Recent News From Our Research Division v.2

3-11-2010 4-08-38 PMMore news from our research division has provided additional insight into the benefits of microexpression training.

In the first version of this series, we outlined 2 studies that Dr. Matsumoto and Dr. Hwang had conducted to study the effects of microexpression training.

The results of the studies illustrated that individuals can be trained to detect microexpressions and that such improvement may produce improvements in subsequent socially relevant behaviors.

We also mentioned that the knowledge obtained through this training was retained up to 2-3 weeks in comparison to those who did not have any formal training. The participants who had microexpression training were not only more accurate in detecting these emotions, but also quicker in their responses.

We also now know that knowledge obtained through microexpression training is not based on factors such as age and educational backgrounds.

Dr. Matsumoto and Dr. Hwang have conducted other studies  to examine the benefits of microexpression training. These 3 studies examined University students, Japanese businessmen and a group of US law enforcement professionals.

All these studies showed that with microexpression training, an astounding amount of people showed an increase in their accuracy rates compared to those who had not received any training. In addition, not only were the participants more accurate after microexpression training, they were more confident in their responses than those who did not receive any training.

These studies also showed that it is possible to improve the ability to recognize microexpressions in as little as 30 minutes. This improvement was for males and females of different ethnicities and age groups. This suggests that neither age, ethnicity or gender can have an effect on how one can recognize microexpressions. With training, everyone can learn to detect them.

Finally, most individuals who took the microexpression training improved on their ability to detect all 7 emotions of anger, fear, disgust, contempt, happiness, sadness and surprise. In contrast, individuals who did not take any training only showed minor improvement in 3 of the 7 emotions.

All participants in the studies used the microexpression recognition training that Humintell has on its website, which can be viewed here.

It is also  important to note that while there has been literature written on this topic, that we are waiting for them to be cleared for publication and release.

There are still many unanswered questions about microexpressions that need to be addressed through the process of this ongoing research. Rest assured that Dr. Matsumoto is  currently examining the many questions that arise and hope to come out with new findings in the near future.

If you are interested in using MiX Microexpression Recognition Training in research, please contact Humintell

6 responses to “Recent News From Our Research Division v.2”

  1. Ian Trudel says:

    It’s delightful that you keep us informed on the progress and results of your studies. This is the kind of news I like to read. 🙂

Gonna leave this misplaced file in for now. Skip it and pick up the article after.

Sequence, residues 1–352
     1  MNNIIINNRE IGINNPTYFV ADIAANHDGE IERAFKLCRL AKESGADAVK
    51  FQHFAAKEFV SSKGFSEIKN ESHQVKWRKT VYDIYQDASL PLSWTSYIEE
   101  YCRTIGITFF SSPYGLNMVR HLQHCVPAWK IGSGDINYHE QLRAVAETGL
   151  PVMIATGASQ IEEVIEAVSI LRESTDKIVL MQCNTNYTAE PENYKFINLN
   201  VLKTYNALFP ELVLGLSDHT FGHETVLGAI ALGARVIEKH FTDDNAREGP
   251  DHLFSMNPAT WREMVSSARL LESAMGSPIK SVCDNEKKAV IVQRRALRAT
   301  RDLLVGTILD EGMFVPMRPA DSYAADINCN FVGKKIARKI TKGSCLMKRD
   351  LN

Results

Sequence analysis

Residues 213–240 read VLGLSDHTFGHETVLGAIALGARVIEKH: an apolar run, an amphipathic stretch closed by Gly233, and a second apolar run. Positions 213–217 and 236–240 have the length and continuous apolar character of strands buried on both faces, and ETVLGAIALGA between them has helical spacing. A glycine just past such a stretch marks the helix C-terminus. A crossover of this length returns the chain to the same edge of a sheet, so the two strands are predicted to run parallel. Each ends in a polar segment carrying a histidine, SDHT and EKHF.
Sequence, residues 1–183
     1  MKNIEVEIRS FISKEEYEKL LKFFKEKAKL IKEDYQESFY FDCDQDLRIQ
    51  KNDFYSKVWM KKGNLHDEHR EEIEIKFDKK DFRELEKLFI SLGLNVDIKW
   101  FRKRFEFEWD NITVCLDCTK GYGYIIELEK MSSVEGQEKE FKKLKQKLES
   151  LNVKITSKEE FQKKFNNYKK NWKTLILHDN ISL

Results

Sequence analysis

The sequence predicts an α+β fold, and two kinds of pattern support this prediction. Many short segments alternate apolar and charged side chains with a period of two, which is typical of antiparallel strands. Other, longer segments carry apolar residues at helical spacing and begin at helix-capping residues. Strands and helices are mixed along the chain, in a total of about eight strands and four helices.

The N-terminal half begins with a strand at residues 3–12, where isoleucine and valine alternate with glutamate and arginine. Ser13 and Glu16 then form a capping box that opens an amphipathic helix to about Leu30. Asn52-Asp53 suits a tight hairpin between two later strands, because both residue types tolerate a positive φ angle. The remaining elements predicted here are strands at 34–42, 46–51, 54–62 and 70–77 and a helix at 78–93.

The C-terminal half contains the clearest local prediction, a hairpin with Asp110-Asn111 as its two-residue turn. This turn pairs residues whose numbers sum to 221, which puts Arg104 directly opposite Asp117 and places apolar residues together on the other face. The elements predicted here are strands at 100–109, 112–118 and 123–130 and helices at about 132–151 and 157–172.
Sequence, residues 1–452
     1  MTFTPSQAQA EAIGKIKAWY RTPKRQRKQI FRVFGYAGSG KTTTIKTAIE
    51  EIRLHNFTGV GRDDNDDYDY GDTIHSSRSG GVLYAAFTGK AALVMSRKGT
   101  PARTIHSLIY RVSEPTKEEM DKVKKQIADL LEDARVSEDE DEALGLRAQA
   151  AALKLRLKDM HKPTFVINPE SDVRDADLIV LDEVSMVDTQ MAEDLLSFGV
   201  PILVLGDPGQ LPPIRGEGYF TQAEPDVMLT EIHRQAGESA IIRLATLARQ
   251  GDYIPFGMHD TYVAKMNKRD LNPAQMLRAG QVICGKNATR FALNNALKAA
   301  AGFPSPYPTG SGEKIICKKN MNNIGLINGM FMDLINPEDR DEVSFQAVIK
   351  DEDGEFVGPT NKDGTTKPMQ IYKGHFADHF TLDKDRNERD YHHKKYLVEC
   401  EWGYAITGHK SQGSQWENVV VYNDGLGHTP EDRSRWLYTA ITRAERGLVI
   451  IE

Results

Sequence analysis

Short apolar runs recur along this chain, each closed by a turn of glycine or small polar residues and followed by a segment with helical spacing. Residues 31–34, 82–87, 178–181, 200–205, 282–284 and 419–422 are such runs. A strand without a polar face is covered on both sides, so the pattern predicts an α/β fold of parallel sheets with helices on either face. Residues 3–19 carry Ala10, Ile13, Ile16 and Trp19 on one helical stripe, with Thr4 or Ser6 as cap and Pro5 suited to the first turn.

2. This feels like an episode of “Lie to Me”, and the Lightman group. Very nice!

  3. Cristobal says:

    i believe that is best to publish the studies you made than this kind of news that seems more like publicity to your product.

  4. Cristobal, We appreciate your comment. Of course, we want to share the benefits of microexpression training and prove to people that our training works. These findings by our research team validates the products that we sell. The studies are currently in the process of being published. As you may know, getting studies to be published within acclaimed, peer-reviewed journals is not a quick process. Rest assured that when the studies are published, we will be the first to publish them here.

  5. As an academician I have two concerns. I presume they are properly covered, but thought I would ask. One is the issue of you having a vested interest in the research and the other is the use of the word “accuracy” – As you know in academic accuracy is not normally used but rather validity and reliability.
    Since I will probably be using some of your training I am curious on these issues. No disrespect intended.

    Dr. Camp

  6. Dear Dr. Camp,

    Here is Dr. Matsumoto’s response to your questions:

    Yes we have a vested interest in the research. When our papers are sent to journals, we acknowledge such interests when we submit the paper, so that there is full disclosure during the review process. Also, we make our tools available to other researchers so that they can replicate our findings as has been done by Tamara Russell’s group. We certainly do not believe that our studies are the definitive, end-all studies on any topic; rather we believe that knowledge is based on the cumulative findings across researchers and methodologies. In the end, which researcher is NOT vested in his or her research?

    On the accuracy issue – yes we believe we study accuracy in judgments of the facial expressions because we believe there is such a strong empirical base on what the ground truth of what the expressions are signaling. That empirical evidence for that ground truth allows us to make interpretations of accuracy, and not consensus. I believe that the field of facial expressions of emotion are one of the few in which such interpretations are justified.

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